Okay. And then the second question is just on a couple of these kind of peripheral mark (ph 00:26:49) virtual surround and then volume consistency, how hard of a push are you guys making on either of those and I guess when you look at from a competitive standpoint, who are you seeing most competitively if you are making much of a push there? Is it Dolby or SRS or somebody else or a combination of the two? Thank you.

Jon Kirchner

Sure, Mike. It's a combination of the two. Obviously, they're very active in most of the virtual space. There's a few other smaller players that are active, but we are pushing it pretty hard and in fact we've seen relative to our own internal expectations about how fast we could sell into some of these markets that we're seeing pretty good results. I think though as you know given the product cycle development time, things that we may have concluded or what not, say this year, we'll begin to see next year and so on and so forth. So, in general I think it's an important opportunity for us simply because we can offer a complete suite of solutions to potential customers and obviously our goal is to work to improve the value added content and therefore the price that we can charge for the range of technologies for any given product. So, in general, I feel pretty good about the work the team has done.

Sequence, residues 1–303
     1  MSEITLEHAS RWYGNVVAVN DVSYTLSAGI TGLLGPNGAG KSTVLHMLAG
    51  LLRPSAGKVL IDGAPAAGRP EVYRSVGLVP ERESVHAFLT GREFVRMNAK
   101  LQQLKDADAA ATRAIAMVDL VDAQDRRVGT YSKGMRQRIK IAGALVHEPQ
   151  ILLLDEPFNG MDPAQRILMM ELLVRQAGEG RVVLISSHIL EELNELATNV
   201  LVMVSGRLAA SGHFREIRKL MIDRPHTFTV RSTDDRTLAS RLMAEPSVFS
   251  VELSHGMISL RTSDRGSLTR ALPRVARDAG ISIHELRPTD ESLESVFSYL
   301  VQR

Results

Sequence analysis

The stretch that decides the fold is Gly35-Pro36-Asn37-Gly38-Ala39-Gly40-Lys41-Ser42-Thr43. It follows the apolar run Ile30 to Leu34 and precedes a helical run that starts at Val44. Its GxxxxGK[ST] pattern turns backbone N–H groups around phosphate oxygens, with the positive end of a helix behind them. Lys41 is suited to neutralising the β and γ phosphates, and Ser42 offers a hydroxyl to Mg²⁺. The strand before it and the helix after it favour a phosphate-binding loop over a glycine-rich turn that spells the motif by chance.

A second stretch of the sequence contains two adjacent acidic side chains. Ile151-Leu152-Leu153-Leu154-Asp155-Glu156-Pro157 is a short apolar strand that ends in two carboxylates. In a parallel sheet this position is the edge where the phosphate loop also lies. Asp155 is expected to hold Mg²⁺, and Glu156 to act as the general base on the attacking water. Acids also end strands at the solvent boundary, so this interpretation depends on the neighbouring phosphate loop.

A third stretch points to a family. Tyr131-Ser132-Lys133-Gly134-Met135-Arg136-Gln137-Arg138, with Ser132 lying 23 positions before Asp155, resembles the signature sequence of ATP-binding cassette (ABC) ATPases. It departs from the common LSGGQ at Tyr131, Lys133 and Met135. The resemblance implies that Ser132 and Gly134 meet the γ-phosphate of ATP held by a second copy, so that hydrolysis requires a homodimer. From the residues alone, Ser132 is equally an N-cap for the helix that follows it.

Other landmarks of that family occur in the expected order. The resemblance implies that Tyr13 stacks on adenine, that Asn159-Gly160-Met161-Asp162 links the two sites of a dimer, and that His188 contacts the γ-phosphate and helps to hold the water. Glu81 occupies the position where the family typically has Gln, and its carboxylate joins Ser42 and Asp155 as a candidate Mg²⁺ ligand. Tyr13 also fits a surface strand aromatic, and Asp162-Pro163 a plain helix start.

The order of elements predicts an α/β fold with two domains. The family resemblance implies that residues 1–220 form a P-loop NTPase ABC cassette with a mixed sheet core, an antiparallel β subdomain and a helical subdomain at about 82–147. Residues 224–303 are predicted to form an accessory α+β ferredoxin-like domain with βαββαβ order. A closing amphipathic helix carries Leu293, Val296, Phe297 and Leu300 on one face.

Mike Olson – Piper Jaffray & Company

Okay, thank you.

Operator

Thank you. (Operator Instructions) Our next question comes from the line of Sanjay Puri with Walker Smith Capital. Please go ahead.

Sanjay Puri – Walker Smith Capital

Hi. Thanks. I believe you've kind of been good about helping us with the breakdown of the business in the past. I'm wondering did you talk about what HTiB was or what percent of revenue that is?

Jon Kirchner

No, we didn't specifically, but I can tell you in general the home AV segment was up for us in the neighborhood of 5 to10% in aggregate so–

Sanjay Puri – Walker Smith Capital

Okay.

Jon Kirchner

–and that is blend of a couple of end markets, HDi being one and DVD players obviously going negative for us in terms of our standard trademark licensing program.